Robert Redford’s son, James Redford, has died at 58. The filmmaker was at his home in Marin County, California, when he passed away on Friday from bile-duct cancer in his liver, his wife, Kyle Redford, confirmed.
“Jamie died today. We’re heartbroken,” she wrote in a tweet. “He lived a beautiful, impactful life & was loved by many. He will be deeply missed. As his wife of 32 yrs, I’m most grateful for the two spectacular children we raised together. I don’t know what we would’ve done w/o them over the past 2yrs.”
James began his career in the ’90s as a screenwriter and director. His early work included the original screenplay for “Cowboy Up,” which starred Kiefer Sutherland and Daryl Hannah, as well as the screenplay for the 2002 mystery TV film “Skinwalkers” as part of PBS’ “Mystery!” series, according to IMDB.
In 2012, James released his first documentary, “The Big Picture: Rethinking Dyslexia,” followed by “Toxic Hot Seat,” a 2013 documentary that took a closer look at how certain chemical companies reportedly obscured public health risks of chemical flame retardants in homes. The film prompted a change in California law banning the use of such chemicals. This eventually spread nationwide, according to The Salt Lake Tribune.
James went on to produce several other prominent documentaries including “Resilience” (2016), “Happening: A Clean Energy Revolution” (2017), and most recently “Playing for Keeps,” which premiered at the Mill Valley Film Festival this month.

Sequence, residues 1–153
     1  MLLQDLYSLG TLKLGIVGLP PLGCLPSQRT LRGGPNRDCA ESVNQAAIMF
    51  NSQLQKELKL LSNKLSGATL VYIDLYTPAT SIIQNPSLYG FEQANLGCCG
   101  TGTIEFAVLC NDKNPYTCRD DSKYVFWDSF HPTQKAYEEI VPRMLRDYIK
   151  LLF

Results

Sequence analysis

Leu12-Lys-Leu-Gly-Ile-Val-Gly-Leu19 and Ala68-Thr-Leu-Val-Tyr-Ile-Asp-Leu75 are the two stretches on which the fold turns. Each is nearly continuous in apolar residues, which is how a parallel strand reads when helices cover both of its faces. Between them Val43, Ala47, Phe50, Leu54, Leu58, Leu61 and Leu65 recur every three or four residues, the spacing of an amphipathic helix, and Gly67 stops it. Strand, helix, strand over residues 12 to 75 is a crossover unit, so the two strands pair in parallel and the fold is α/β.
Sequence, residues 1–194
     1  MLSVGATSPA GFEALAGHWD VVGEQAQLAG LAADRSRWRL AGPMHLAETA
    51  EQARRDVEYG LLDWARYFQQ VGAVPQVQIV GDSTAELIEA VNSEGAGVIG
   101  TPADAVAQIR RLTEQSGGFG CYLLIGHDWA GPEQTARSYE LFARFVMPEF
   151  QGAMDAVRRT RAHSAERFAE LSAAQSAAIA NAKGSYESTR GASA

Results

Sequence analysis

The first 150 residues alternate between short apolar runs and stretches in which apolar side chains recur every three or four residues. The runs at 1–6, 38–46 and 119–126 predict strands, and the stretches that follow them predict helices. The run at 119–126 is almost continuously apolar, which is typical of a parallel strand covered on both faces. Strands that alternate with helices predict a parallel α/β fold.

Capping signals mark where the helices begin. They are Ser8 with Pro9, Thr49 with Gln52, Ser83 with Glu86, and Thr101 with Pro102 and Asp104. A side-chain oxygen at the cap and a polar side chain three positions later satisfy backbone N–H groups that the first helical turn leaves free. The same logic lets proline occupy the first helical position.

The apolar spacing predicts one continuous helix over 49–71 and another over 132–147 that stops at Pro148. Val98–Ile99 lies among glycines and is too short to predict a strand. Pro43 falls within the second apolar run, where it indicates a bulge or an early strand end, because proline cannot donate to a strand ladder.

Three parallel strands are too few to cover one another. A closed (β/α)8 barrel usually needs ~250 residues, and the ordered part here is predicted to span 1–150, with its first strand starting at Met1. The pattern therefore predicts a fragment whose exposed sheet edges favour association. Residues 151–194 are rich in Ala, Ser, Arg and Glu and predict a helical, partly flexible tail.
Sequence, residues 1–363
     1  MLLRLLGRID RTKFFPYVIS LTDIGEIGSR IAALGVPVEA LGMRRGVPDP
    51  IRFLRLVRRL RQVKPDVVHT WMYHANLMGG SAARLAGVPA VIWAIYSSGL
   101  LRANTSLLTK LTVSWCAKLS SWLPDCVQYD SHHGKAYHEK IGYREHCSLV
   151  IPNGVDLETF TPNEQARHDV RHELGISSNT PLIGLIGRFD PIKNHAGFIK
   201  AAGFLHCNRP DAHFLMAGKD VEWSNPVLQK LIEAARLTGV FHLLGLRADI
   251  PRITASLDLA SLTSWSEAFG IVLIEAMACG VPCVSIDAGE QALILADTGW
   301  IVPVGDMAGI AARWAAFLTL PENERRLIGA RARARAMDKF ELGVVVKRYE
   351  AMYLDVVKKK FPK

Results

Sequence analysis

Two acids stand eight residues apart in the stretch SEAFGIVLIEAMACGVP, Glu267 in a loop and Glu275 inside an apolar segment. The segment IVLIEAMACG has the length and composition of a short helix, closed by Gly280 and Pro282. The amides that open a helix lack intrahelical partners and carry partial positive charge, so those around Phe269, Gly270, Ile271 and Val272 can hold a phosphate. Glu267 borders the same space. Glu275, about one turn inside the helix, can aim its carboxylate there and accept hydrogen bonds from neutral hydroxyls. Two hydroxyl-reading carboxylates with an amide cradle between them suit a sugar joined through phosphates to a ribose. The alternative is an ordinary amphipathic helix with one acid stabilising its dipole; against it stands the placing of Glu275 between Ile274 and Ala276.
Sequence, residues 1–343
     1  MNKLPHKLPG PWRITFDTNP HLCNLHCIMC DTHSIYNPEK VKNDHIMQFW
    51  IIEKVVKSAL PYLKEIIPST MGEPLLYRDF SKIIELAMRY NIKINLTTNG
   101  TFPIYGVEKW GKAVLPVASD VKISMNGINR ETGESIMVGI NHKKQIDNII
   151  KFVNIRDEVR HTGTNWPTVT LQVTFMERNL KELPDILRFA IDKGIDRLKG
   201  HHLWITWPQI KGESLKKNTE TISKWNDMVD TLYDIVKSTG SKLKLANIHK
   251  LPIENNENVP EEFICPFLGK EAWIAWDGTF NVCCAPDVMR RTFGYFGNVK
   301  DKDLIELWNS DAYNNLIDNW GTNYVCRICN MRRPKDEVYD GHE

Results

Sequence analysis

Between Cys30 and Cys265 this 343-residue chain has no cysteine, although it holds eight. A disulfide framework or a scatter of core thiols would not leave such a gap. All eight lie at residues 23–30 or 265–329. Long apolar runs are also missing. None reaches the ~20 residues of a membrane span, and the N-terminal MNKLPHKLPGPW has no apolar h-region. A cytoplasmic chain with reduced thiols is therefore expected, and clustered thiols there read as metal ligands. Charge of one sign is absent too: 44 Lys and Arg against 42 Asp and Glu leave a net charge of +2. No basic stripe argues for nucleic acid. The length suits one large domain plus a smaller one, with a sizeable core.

James was also an environmental activist and philanthropist who campaigned for change via The Redford Center, a nonprofit he set up with his father to produce films and fund filmmakers to focus on bringing about environmental and climate justice.
The center’s executive director, Jill Tidman, paid tribute to James in a Facebook post on Monday.
“With Jamie came love and contagious joy. He approached everything he did with kindness and warmth, and an openness that spread itself easily among others,” Tidman wrote.
“As a filmmaker, writer and activist, Jamie was intentional and inspirational,” Tidman added. “As a father, husband, brother, son and a friend to so many — he was a devout supporter, always full of hope. He will be greatly and intensely missed.”
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